[Sca-cooks] Food and racism and colonialism
nigsdaughter at satx.rr.com
Fri Sep 14 06:14:43 PDT 2012
The spanish also sent the Canary Islanders to Texas. My husband was a
direct lineal descendant of the first alcade (Mayor) of San Antonio de
----- Original Message -----
From: "Ana Valdés" <agora158 at gmail.com>
To: "Cooks within the SCA" <sca-cooks at lists.ansteorra.org>
Cc: <sca-cooks at lists.ansteorra.org>
Sent: Thursday, September 13, 2012 8:49 PM
Subject: Re: [Sca-cooks] Food and racism and colonialism
> Suey, our families, my and yours :), don't seem to fit with the general
> comment I made. First of all, this is an historical fact, every empire
> tend to send as colonisers or settlers the people not needed in the main
> land. The Pilgrims come to the US as religious prosecuted, the French sent
> to la Nouvelle Caledonie anarchists as Louise Michel and other convicts of
> political unrest. The Spaniards sent here to Uruguay families from the
> Canary Islands and they felt themselves as political refugees.
> My ancestors come from Asturias in Spain and became wealthy civil servants
> in Cuba. My great grandfather was a teacher from Spain who came here to
> teach at new grounded university and married my great grandmother, a
> wealthy widower.
> But your family and my family were exceptions, not the norm, dear Suey.
> Skickat från min iPhone
> 13 sep 2012 kl. 22:22 skrev Suey <lordhunt at gmail.com>:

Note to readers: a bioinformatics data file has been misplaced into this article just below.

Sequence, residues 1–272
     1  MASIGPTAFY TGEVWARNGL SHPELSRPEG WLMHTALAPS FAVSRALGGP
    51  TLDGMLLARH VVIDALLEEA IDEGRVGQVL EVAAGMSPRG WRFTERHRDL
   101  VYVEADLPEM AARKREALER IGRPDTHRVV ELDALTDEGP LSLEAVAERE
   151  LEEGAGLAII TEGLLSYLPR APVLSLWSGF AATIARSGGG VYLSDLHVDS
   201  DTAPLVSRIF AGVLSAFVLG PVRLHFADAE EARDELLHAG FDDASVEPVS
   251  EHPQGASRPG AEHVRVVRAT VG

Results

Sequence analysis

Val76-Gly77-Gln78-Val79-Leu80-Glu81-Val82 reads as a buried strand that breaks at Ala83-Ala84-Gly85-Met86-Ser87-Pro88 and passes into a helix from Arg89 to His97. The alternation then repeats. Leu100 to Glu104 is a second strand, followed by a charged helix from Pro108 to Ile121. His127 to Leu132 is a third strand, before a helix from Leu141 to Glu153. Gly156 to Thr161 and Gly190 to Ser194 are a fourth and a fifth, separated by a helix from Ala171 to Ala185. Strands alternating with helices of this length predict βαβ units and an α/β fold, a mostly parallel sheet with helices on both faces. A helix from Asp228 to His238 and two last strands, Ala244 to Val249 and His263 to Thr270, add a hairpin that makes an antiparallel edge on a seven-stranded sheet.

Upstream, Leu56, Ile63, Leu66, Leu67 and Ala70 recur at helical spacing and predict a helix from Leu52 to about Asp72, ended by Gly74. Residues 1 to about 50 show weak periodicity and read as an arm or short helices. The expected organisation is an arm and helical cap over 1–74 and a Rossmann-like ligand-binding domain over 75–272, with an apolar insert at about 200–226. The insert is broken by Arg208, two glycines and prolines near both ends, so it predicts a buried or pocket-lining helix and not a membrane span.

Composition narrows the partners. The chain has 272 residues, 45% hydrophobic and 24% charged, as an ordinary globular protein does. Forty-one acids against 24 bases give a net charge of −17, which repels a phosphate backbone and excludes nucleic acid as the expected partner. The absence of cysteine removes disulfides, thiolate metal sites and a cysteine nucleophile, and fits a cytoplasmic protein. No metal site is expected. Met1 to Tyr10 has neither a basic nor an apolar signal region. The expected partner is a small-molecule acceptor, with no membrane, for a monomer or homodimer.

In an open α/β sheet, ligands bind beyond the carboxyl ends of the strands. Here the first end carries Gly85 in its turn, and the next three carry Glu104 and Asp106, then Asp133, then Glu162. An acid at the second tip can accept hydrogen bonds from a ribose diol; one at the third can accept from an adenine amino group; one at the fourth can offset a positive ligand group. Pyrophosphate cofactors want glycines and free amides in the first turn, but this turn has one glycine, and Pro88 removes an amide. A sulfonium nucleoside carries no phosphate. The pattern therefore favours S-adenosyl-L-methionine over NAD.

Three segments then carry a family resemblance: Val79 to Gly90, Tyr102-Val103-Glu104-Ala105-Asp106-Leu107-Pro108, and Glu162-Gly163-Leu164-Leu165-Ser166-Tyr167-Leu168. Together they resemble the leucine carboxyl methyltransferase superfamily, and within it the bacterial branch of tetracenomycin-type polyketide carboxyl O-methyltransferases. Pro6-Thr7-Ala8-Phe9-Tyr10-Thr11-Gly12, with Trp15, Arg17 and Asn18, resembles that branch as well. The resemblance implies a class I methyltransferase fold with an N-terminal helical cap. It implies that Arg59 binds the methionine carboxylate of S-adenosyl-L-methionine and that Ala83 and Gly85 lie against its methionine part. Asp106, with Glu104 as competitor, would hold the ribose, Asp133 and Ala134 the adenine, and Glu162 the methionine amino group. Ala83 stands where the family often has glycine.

>> On 9/7/12 9:52 PM, Ana wrote:
>>> Interesting discussion about racism as taboo topic in this list. For
>>> me, born in Latinamerica but living in Europe for the most of my adult
>>> life, it was not easy to reconciliate myself with my Spanish
>>> ancestors, a part of those Europeans who emigrated to the New World in
>>> the 16th century.
>>> They plundered and killed and stole all the food we eat now, corn,
>>> potatoes, tomatoes, chili, beans, coffe, sugar, spices. They were
>>> deeply racists and didn't see one of the cultures they met as their
>>> Quite a joke. The biggest part of Englishmen, French and Spaniards
>>> were illiterate, many of them convicts and felons. They met Maya and
>>> Inca civilizations which were superior than them, but lacked weapons
>>> and horses and weels. It was the only reason of their victory.
>>> The whole history of food is an history of colonialism and racism.
>>> Weird not being able to discuss it here.
>> My great-great-great grandfather's brother ventured to the Americas but
>> as a university graduate. He was the second son of titled nobility
>> married to a tiltled lady. They ventured to the new world in the 16th
>> century for adventure like James Mitchener's description of US college
>> grads venturing to Iberia in the 20th Century.
>> Neither he nor his wife, nor his children were convicts, illiterate,
>> felons or what have you. On the contrary, they were as aristocratic as
>> the Mendozas from Spanish cardinal's family.
>> Family accounts led my family up to the 19th century which consisted of
>> blacks and native Indians as staff members at their homes. My American
>> ancestors did not kill on the contrary our records reveal that one was
>> attacked by the natives and lost his right arm because of an arrow from
>> that. By the 17th C descendants of the founding father in America were
>> all university grads thanks to their parents sending the sons to Europe
>> and founding universities in America.
>> The class system remains in many Latin countries. As our family accounts
>> testify, blacks can only enter the home through the back door. Laborers
>> never enter the home but we Latins take care of our people like family.
>> Gringos do not understand the difference between class lines and
>> protecting our servants. Perhaps that is a difference between Gringos and
>> Food history is another chapter concerning class system history.
>> Tomorrow - enough for today.
>> My cats are begging for tuna fish. And you?
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